This trend has continued until the present.
Despite the NIH’s budget remaining stagnant for years, not even compensating for inflation, Bush has decided to wield the presidential veto against an increase in just $1 billion for the next fiscal year. The bill also contained new open-access legislation– a mandate for any government-funded manuscript to be submitted to PubMed for full text open-access within one year. The veto seemed more a response to the budget increase rather than the open access issue, which is not surprising given Bush’s own fiscal, uh, issues. But, for comparison, the US spends $43 billionon military intelligence alone
There is an excellent editorial in The Journal of Life Sciences which sums up my feelings quite well.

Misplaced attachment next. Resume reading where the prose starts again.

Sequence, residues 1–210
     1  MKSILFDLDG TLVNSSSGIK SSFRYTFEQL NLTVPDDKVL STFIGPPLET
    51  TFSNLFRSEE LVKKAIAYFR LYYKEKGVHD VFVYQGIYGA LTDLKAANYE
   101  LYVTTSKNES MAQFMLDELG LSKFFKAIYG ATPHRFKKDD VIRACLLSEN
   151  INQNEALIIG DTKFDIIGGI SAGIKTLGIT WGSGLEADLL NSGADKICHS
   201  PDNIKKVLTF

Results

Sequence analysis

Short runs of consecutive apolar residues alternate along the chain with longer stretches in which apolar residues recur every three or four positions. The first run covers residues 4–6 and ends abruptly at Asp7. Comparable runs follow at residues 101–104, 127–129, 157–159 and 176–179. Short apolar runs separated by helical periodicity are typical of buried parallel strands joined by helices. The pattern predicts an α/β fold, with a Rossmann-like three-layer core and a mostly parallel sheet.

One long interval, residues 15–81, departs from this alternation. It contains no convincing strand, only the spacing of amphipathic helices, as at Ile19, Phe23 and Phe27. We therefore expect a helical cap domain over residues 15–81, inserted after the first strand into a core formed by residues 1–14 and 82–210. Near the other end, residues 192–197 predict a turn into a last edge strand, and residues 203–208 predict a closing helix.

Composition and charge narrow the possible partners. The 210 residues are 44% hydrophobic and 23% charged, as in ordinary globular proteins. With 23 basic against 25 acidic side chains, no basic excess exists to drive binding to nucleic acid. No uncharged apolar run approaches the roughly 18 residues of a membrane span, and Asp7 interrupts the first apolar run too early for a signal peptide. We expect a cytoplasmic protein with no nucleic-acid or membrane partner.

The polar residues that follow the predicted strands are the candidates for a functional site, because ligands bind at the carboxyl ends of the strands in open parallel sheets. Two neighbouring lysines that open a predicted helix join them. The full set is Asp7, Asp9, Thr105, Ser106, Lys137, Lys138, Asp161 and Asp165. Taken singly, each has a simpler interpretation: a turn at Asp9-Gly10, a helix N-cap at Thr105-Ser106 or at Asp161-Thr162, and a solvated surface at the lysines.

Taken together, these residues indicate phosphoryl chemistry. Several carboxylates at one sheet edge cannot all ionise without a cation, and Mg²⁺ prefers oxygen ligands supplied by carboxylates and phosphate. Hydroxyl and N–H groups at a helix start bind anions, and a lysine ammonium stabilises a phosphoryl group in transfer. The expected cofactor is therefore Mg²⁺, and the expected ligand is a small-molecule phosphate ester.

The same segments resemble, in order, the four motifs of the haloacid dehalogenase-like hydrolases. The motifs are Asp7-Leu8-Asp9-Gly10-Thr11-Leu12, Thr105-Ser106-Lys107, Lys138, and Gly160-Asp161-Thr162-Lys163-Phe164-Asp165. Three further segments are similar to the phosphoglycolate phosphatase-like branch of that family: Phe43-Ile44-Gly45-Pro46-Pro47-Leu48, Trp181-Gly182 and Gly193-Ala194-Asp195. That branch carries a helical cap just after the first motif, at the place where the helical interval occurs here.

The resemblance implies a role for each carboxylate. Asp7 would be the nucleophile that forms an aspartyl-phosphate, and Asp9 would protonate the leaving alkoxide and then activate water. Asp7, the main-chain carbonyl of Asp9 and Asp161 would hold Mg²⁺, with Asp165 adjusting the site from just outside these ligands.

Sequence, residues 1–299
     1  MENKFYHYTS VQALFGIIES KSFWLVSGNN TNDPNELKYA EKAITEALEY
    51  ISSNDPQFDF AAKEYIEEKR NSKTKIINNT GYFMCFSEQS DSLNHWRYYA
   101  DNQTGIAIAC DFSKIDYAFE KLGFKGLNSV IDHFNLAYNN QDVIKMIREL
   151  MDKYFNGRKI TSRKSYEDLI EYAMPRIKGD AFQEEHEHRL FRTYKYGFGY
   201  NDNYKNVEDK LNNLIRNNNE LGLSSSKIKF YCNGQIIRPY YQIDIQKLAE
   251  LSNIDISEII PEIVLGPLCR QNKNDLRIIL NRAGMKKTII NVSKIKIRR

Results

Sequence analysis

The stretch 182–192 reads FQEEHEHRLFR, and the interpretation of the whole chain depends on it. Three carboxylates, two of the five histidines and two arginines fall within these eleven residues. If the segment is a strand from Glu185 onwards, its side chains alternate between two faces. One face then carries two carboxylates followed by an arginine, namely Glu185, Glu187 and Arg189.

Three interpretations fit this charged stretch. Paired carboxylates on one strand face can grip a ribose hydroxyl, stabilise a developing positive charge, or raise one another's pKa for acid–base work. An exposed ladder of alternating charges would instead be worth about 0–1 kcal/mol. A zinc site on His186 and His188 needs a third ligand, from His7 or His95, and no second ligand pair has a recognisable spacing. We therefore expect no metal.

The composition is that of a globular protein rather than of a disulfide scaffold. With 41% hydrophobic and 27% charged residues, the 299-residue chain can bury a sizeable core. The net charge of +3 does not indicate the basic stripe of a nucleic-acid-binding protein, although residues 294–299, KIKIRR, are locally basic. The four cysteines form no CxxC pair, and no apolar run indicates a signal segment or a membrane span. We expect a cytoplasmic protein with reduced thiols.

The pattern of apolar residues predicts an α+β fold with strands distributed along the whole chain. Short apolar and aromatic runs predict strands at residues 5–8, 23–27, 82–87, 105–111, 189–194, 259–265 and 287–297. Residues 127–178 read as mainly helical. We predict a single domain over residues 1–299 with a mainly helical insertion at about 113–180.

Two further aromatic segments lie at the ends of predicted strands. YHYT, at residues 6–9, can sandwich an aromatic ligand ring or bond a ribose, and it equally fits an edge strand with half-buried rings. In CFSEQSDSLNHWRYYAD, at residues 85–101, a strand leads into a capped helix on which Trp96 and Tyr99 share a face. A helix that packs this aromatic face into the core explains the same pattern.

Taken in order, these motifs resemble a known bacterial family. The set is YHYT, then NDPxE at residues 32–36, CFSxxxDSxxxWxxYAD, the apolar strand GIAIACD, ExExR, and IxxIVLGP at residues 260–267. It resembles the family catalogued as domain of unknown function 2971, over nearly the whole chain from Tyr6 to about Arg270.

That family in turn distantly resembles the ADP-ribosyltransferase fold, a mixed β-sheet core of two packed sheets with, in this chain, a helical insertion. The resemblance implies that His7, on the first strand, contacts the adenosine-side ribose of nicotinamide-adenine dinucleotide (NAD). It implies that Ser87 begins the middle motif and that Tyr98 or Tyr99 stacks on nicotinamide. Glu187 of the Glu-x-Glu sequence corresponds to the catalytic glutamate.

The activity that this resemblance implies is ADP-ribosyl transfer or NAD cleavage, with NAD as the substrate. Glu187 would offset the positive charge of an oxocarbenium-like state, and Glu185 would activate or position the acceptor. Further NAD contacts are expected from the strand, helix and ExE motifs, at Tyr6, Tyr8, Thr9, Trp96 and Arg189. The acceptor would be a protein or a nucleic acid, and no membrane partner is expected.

There are few things that give us a better return on our healthcare investment dollars than increased NIH funding. For every dollar the government spends on the NIH, private industry will, in general, spend two more to develop and commercialize the early research generated from the NIH investment. That research leads to new treatments for acute and chronic diseases that today cost Americans dearly. A $30 billion investment in NIH today seems a prudent choice when one considers that American households spend $582 billion annually on healthcare to fight those same diseases NIH funding is designed to tackle.
It is important to understand what a continued decline in NIH funding will mean for our aging U.S. population. Our national health expenditures are projected to exceed $4 trillion by 2015; the devastation of Alzheimer’s disease among baby boomers alone is expected to cost the federal government more than $1 trillion. And of course, as anyone who has watched a loved one suffer from a chronic disease can tell us, the cost to society cannot be measured only in dollars.